|Cohesive sediment transport research: the science of mud|
Toorman, E.A. (2009). Cohesive sediment transport research: the science of mud, in: Mees, J. et al. (Ed.) Book of abstracts: an overview of marine research in Belgium anno 2009. 10th VLIZ Young Scientists' Day. Special edition at the occasion of 10 years VLIZ. VLIZ Special Publication, 43: pp. 137
In: Mees, J.; Seys, J. (Ed.) (2009). Book of abstracts: an overview of marine research in Belgium anno 2009. 10th VLIZ Young Scientists' Day. Special edition at the occasion of 10 years VLIZ. VLIZ Special Publication, 43. Vlaams Instituut voor de Zee (VLIZ): Oostende. xiii, 221 pp.
In: VLIZ Special Publication. Vlaams Instituut voor de Zee (VLIZ): Oostende. ISSN 1377-0950, meer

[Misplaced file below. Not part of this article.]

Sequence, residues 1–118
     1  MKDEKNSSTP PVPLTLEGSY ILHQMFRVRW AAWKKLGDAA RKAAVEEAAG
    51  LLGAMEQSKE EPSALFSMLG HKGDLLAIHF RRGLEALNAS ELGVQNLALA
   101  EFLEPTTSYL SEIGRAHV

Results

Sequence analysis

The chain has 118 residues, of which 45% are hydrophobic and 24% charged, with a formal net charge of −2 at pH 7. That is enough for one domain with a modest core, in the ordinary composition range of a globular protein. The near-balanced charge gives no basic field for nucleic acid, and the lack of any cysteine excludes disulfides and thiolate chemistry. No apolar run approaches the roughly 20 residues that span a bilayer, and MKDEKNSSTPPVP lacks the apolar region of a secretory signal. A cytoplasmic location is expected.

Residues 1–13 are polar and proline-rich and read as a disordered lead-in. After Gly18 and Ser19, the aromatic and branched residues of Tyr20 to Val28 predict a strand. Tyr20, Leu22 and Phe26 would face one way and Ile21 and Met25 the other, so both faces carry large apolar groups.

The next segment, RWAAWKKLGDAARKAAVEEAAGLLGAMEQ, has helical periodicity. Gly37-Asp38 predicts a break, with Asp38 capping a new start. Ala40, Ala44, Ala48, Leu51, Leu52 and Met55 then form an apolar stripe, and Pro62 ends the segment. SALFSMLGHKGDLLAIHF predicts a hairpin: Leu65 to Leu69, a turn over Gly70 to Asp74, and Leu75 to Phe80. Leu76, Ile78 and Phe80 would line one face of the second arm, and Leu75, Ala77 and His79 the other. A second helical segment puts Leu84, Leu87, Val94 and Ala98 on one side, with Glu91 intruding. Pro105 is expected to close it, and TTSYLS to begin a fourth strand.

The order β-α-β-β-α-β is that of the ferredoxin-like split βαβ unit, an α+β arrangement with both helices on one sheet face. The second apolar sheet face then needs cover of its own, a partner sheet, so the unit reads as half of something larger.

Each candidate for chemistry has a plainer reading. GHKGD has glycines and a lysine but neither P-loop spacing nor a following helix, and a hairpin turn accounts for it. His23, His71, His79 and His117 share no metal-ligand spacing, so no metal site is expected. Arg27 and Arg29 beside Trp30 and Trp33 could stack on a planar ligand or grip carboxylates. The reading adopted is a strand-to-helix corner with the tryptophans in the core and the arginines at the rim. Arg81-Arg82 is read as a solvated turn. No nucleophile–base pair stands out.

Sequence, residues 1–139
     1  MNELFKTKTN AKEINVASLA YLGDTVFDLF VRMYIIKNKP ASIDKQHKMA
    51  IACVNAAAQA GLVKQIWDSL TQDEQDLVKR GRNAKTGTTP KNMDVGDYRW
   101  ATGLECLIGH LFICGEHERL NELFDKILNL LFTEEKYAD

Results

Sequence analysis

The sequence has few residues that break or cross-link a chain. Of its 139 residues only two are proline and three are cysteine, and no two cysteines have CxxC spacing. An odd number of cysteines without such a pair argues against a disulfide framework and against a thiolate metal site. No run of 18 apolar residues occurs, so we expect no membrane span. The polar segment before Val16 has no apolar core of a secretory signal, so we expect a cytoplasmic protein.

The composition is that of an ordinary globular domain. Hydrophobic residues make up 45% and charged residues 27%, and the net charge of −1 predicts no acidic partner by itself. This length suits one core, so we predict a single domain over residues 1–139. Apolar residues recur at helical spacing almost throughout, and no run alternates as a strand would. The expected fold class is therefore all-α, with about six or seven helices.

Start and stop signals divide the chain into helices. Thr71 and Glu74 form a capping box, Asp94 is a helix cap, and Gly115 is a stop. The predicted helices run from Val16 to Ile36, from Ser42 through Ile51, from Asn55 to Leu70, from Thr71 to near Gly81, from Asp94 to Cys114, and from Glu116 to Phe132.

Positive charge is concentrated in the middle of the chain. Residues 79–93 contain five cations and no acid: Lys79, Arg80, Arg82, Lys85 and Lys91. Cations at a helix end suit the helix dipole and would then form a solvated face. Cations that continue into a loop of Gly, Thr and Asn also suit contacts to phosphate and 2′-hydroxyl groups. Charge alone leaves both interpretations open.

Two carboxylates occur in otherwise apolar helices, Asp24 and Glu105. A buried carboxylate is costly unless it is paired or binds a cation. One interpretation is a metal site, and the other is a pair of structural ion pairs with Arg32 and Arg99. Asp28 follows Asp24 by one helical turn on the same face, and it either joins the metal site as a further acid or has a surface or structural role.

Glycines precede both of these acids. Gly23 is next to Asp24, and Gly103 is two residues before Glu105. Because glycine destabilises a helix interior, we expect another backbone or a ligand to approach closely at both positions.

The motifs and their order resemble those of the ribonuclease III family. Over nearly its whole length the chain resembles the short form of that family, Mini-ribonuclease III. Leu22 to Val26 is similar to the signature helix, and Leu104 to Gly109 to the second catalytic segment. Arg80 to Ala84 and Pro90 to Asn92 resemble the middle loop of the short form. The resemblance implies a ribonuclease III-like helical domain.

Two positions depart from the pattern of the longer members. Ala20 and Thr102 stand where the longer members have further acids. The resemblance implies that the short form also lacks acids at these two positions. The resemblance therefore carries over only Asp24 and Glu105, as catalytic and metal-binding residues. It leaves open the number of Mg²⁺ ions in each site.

Mud in the natural environment is a mixture of clays, silt, sand, water and organic matter. It can be found in large quantities in estuaries and along neighbouring coasts, as is the case for Belgium. The usually high content of fine-grained particles (clays and some silts) explain the cohesive nature of mud, which is the net result of electrostatic forces from the clay particles and the sticky organic substances produced by bacteria and other micro-benthos. Therefore, cohesive particles consist of flocs of aggregates of the primary particles, which structure and density are determined not only by the internal properties, but also by those of the ambient water and the external mechanic forces (especially turbulent shear and particle interactions). When cohesive particles settle, they form a layer of slowly consolidating fluid mud. The siltation of navigation channels, docks and aquaculture farms is a well known problem. Managing authorities rely on model predictions in order to estimate the related economic cost and environmental impact of cohesive sediment transport and the effects of human interference by dredging and the construction of structures. However, the accuracy of these models is very low. The Hydraulics Laboratory of the KU Leuven investigates possibilities to improve the modelling capacities of presently used engineering software for sediment transport. The present focus of the research is on fluid-particle interactions, high-concentration effects, mudwave interaction, flocculation and bottom erosion resistance. The model improvements are strongly physically-based and supported by experimental data.